Following the death of Italian novelist, semiologist and philosopher Umberto Eco, we have taken questions posed by Eco’s eponymous theory of the “open work” as this issue’s point of departure. Eco’s collection of essays Opera Aperta [The Open Work] was published in 1962, when chance operations and indeterminacy became constitutive elements of the creative process. In today’s cultural climate, Eco’s thinking on “openness” remains relevant to art practice and criticism, providing “an urgent, irksome protest against the organization and management of all which lives,” as British artist Cally Spooner writes in this issue’s “Macro” essay. At a time when “openness” is valued in profit-driven creative forms, Spooner analyzes the “open organization” — collaborative models continually celebrated as principles of business creativity. Do creatives “not need to be told what to do”? What about their managers?
The newly introduced “Micro” essay, placed at the end of the issue, responds to “Macro” from the perspective of Italian art, earnestly bringing into the conversation the creative panorama from which this magazine was born. Here, Flash Art’s managing editor Michele D’Aurizio finds echoes of Eco’s theory of the “open work” in the phenomenon of Italian Radical Design. Envisioning “objects that assume shapes that become whatever the users want them to be,” Radical Design is probably the most successful but understudied embodiment of “openness” ever born on Italian soil.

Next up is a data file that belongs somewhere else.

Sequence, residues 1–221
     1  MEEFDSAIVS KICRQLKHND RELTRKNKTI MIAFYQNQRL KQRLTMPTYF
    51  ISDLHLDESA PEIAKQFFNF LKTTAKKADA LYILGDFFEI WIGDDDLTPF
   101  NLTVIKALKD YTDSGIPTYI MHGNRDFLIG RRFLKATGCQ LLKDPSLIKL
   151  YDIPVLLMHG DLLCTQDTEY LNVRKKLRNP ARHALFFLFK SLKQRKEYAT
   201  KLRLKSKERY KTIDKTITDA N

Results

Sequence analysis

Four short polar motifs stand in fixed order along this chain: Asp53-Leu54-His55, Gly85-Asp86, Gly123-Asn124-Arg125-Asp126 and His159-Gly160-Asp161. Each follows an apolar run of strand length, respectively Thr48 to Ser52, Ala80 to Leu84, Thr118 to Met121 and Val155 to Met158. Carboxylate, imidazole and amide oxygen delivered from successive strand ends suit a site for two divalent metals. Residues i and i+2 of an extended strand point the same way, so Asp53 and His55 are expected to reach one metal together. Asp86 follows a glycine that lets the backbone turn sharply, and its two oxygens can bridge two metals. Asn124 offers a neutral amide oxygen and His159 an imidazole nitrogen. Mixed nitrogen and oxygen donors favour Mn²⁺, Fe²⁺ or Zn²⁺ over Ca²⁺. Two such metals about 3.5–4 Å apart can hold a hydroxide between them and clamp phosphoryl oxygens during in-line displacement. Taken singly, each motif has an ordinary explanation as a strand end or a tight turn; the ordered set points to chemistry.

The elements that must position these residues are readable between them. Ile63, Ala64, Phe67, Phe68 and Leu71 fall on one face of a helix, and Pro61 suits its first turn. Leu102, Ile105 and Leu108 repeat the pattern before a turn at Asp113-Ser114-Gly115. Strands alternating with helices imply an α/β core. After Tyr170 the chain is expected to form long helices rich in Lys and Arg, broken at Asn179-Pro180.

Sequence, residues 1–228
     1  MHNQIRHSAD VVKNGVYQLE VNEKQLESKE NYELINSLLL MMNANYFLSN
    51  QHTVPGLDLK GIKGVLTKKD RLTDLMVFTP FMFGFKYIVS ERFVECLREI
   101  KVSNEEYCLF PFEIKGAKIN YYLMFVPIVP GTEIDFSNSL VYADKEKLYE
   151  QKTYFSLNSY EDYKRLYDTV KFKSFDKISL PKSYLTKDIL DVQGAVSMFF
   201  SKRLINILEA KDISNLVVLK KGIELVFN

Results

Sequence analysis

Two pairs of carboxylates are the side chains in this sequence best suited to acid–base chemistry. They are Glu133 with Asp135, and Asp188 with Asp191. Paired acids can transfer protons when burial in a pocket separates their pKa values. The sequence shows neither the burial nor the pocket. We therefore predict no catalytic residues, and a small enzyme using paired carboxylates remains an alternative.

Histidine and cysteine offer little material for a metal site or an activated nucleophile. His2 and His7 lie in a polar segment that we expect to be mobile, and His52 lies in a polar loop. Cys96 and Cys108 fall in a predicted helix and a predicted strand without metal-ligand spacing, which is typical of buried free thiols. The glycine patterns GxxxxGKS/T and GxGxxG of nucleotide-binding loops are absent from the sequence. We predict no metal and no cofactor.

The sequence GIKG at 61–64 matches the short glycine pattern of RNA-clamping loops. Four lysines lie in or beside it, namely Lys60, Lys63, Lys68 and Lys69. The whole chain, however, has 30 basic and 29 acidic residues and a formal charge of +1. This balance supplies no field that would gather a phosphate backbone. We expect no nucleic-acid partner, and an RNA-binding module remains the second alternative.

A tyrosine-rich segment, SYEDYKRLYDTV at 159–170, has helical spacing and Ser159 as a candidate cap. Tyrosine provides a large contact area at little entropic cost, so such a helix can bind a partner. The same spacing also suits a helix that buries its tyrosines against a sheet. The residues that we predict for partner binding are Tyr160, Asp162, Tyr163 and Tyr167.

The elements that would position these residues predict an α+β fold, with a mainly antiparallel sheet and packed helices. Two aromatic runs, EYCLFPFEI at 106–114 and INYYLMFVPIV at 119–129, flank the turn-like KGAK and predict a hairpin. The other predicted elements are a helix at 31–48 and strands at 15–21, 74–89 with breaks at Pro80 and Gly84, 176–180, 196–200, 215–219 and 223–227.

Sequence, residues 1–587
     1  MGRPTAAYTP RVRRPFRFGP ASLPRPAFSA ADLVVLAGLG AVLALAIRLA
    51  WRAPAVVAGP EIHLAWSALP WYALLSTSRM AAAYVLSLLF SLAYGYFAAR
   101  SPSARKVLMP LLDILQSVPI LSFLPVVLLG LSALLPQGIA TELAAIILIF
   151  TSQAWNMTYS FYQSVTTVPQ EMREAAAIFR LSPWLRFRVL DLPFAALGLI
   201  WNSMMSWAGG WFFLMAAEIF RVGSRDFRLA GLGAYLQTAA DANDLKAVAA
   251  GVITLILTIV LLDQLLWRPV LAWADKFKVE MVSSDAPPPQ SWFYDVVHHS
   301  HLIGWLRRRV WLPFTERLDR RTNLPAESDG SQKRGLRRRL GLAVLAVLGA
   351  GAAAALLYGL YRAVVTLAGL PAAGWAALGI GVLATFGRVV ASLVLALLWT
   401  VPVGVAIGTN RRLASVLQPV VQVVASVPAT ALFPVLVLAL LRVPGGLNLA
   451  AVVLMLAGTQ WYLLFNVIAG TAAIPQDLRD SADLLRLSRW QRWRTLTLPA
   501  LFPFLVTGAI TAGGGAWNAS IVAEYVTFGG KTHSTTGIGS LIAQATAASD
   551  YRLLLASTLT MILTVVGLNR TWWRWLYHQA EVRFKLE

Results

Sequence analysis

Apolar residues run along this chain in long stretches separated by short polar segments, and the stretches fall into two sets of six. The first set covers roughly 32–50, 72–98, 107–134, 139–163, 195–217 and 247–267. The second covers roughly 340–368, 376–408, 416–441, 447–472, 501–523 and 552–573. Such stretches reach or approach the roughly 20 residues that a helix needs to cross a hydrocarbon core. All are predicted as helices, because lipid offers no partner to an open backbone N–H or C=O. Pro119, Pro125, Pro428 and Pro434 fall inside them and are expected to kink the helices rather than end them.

The question of “openness” — and its valences — resonates throughout the entire issue, above all in our cover story devoted to American artist David Hammons. Conceived as a series of “open” questions, posed by a Wattis Institute research group under the guidance of Anthony Huberman, this feature riffs on an uncommonly raw, spiritual and politically charged art practice. Like a jazz musician, Hammons reinterprets art-making procedures in ways that result in unexpected, free-form resonances. But, as Huberman reminds us to ask: “What’s the relationship between improvisation and control? Isn’t it similar to that of a needle and thread?”